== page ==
FRIDAY, April 11, 2008 (HealthDay News) -- More than one-third of Americans are now getting hospice care services before they die, but that care still isn't available to many people in the country, a new study finds.
Communities with people with low incomes and education levels, and those with sizeable elderly populations, are less likely to have access to hospice care than areas with wealthier, more educated people, the study said.
"The way most hospices are constructed is using charity. They have to exist before Medicare will pay for their services," said lead researcher Dr. Maria J. Silveira, an assistant professor of internal medicine at the University of Michigan.
This requirement has limited access to hospice care for people in poorer areas, Silveira said. "If Medicare was truly interested in improving access to hospice, what it would need to do is find a way to break the reliance on charity in order to build hospices in the communities that are underserved."
Silveira also thinks Medicare reimbursement is too low for many hospices to make money. While the reimbursement for home hospice care is probably adequate, reimbursement for in-hospice care is too low, she said.
For the study, Silveira and her colleagues used Medicare data, along with county data from the 2000 Census, to create a computer model of hospice care in the United States.
The researchers found the availability of hospice care was high in the Northeast, upper Midwest and in much of California. Hospice care was less available in states along the Mississippi River, in the Rocky Mountain region, and the Southwest. The South, Texas, Florida, and the Plains states had the lowest average availability of hospice care.
The researchers said the availability of hospice care was associated with average income level, education level, and the number of people over 65 living in a particular county. People with incomes of more than $100,000, or people who had at least a high school diploma, had better access to hospice care, the study found.
One surprising finding was that older people had less access to hospice care, said Silveira, who was to present the findings Friday at the Society of General Internal Medicine's annual meeting, in Pittsburgh.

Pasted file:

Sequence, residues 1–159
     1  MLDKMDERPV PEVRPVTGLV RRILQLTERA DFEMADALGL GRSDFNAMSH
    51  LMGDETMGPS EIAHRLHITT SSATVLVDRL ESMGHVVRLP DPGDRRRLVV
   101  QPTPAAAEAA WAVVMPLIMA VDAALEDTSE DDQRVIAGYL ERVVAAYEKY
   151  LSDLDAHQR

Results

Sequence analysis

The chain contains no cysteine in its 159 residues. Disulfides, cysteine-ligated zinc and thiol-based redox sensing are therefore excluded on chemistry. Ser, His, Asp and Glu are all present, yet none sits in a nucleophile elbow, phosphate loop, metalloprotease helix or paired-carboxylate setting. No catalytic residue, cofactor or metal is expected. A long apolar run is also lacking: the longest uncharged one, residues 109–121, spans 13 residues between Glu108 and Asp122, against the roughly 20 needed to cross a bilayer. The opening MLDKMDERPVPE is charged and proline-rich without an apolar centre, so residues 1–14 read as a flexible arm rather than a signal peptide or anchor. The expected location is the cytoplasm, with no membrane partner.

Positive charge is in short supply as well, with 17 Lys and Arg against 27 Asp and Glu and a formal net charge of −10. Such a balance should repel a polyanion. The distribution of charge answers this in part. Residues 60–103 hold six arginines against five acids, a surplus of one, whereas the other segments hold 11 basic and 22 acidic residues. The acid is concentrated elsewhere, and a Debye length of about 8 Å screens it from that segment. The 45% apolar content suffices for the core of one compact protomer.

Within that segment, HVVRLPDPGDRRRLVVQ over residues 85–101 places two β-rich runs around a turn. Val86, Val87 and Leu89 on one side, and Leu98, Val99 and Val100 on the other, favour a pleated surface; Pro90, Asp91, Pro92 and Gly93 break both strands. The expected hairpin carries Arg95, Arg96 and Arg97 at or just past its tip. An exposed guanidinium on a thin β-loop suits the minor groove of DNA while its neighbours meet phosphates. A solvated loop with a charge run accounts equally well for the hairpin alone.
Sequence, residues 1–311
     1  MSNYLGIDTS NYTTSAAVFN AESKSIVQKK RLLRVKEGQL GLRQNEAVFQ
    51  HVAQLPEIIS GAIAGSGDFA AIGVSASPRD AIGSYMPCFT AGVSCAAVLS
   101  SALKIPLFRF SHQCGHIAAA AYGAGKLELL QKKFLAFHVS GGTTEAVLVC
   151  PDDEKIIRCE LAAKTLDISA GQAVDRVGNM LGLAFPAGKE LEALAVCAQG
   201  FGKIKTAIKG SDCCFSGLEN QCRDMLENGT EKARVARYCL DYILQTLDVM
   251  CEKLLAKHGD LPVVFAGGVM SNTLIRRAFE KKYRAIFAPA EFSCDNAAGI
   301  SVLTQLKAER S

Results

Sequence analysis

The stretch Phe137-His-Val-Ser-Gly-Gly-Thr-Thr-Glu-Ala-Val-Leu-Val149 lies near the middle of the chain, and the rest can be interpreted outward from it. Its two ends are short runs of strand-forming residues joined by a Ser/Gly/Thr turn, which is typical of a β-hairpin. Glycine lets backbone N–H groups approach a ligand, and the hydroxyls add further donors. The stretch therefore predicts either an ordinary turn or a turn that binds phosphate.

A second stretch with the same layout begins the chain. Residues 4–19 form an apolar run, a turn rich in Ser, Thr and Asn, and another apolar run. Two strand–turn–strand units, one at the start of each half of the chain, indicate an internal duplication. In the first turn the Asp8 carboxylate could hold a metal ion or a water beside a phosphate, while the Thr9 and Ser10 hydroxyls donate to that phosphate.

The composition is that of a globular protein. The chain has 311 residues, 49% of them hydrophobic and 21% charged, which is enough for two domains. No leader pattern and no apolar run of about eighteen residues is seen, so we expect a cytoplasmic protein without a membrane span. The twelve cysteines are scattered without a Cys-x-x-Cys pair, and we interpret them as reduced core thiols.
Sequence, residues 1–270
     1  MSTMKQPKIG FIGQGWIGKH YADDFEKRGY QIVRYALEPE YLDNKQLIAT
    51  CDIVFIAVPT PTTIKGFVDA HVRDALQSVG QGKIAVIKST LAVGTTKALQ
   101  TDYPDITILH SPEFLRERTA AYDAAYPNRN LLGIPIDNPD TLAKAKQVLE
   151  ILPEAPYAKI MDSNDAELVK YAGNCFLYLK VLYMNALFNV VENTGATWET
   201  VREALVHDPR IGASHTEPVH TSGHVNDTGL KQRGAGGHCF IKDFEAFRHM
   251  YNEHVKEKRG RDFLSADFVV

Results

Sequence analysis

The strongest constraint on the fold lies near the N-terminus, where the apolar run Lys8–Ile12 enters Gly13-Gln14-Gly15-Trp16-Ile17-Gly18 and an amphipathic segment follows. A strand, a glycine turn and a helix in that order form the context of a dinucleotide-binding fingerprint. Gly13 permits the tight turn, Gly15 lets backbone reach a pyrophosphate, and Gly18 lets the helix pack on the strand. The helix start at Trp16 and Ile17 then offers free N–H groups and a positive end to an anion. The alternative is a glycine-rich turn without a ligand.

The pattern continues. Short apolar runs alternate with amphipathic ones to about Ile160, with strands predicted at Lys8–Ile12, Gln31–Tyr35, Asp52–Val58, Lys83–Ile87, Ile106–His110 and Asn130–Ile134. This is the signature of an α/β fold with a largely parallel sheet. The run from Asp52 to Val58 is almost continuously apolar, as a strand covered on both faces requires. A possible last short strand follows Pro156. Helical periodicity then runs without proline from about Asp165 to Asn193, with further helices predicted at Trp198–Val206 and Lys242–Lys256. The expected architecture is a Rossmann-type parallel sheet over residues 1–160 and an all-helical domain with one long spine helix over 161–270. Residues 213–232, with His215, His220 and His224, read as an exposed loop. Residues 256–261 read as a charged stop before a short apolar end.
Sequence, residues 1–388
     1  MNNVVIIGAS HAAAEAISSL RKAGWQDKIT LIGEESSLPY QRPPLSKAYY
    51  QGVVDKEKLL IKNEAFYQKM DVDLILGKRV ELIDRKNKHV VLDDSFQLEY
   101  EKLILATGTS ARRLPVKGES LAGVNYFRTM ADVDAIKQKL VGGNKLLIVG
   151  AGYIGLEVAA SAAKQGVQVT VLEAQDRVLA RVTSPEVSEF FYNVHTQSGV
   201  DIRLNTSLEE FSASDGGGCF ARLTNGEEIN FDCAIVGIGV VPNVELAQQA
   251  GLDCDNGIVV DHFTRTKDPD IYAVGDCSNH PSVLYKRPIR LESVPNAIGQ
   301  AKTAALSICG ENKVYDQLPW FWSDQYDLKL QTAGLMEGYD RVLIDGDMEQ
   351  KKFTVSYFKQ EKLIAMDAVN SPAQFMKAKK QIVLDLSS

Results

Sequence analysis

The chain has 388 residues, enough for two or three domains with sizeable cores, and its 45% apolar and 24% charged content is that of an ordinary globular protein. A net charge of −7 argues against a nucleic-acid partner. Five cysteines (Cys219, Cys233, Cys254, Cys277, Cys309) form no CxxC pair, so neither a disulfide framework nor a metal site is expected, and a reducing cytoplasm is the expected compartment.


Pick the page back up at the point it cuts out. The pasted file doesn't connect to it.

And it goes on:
One expert said the study may not be entirely accurate, because it relied on data from 2000, and hospice care has become more available in the last decade, although disparities still exist.
"There has been very significant growth in the hospice benefit use under Medicare since 2000," said Vincent Mor, chairman of the Department of Community Health at Brown University School of Medicine. "Thus, the data are relatively old regarding the distribution of hospices around the country. And the hospice provider of service files that they [the study authors] used tend to be even more out of date, which means that they may have undercounted hospices in existence even in 2000," he added.
"However, the general principles underlying the findings certainly are consistent with my own research in the long-term care arena, Mor said. "Rural and poor communities have worse access to all sorts of medical care."
Donald Schumacher, president and chief executive officer of the National Hospice and Palliative Care Organization, said charity is playing less of a role in hospice care than it once did.
"There's been a lot of growth in for-profit hospices," he said. "There are organizations that offer hospice care without being dependent on donations."
Schumacher said Medicare reimbursement is about $125 a day for home hospice care and $600 a day for in-hospice care. "Generally, in-hospice care is short-term care," he said. "Typically, it might be for five to seven days."
Schumacher acknowledged that there are geographic differences in the availability of hospice care but that also has improved in the last eight years.
To learn more about hospice care, visit the National Hospice and Palliative Care Organization.